And my response is: How did Zalk not testify against Ruth's estate? The Court of Appeals appears to be adding words to the Dead Man's Statute, making it applicable only when there is proposed testimony "against the executor, administrator or survivor of a deceased person [and the executor, administrator or survivor is also a party to the action.]" Yet, if we compare other rules of evidence, we see that there is no reason to construe the statute in this manner.
The best example is the statement against interest exception to the rule against hearsay contained in Federal Rule of Evidence 804(b)(3) (and state counterparts), which states that when you have an "unavailable" witness, and that witness made "[a] statement which was at the time of its making so far contrary to the declarant's pecuniary or proprietary interest, or so far tended to subject the declarant to civil or criminal liability, or to render invalid a claim by the declarant against another, that a reasonable person in the declarant's position would not have made the statement unless believing it to be true," the statement is admissible as an exception to the rule against hearsay. Now, what is the import of this rule? Does it mean that the statement must be against the declarant's interest in the present action or that the declarant be a party in the present action?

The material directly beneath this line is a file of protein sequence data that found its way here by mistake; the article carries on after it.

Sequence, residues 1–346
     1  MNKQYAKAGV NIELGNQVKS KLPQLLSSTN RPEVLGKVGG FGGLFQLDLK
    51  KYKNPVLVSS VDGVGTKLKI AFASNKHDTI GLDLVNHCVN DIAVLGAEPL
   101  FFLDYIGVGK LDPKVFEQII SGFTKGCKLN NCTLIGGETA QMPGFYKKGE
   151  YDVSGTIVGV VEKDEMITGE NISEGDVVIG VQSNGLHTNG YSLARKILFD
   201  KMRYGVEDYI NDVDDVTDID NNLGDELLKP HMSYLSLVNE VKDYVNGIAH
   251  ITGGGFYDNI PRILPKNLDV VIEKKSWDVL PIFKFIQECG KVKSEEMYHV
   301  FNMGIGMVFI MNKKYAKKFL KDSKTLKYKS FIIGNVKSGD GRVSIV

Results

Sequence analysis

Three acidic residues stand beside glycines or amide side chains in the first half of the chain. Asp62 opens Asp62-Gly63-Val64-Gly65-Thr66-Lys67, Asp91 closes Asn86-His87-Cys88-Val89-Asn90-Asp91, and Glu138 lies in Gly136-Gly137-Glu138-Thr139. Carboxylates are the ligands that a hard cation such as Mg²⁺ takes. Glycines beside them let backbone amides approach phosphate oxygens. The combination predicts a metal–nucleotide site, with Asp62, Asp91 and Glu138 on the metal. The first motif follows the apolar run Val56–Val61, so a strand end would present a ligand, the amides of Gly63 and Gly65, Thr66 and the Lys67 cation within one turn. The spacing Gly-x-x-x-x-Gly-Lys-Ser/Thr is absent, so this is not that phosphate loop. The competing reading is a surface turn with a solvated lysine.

The answer to both questions is "No," and, indeed, Federal Rule of Evidence 804(b)(3) (almost) always applies to a non-part witness, not a party. Instead, we deem such a statement a statement "against interest" because it will potentially cut against the declarant's interests in a contingent future proceeding. In other words, it is a statement "against interest" in precisely the same way that the Disciplinary Committee argued that Zalk's testimony was a statement "against the executor, administrator or survivor" of the deceased.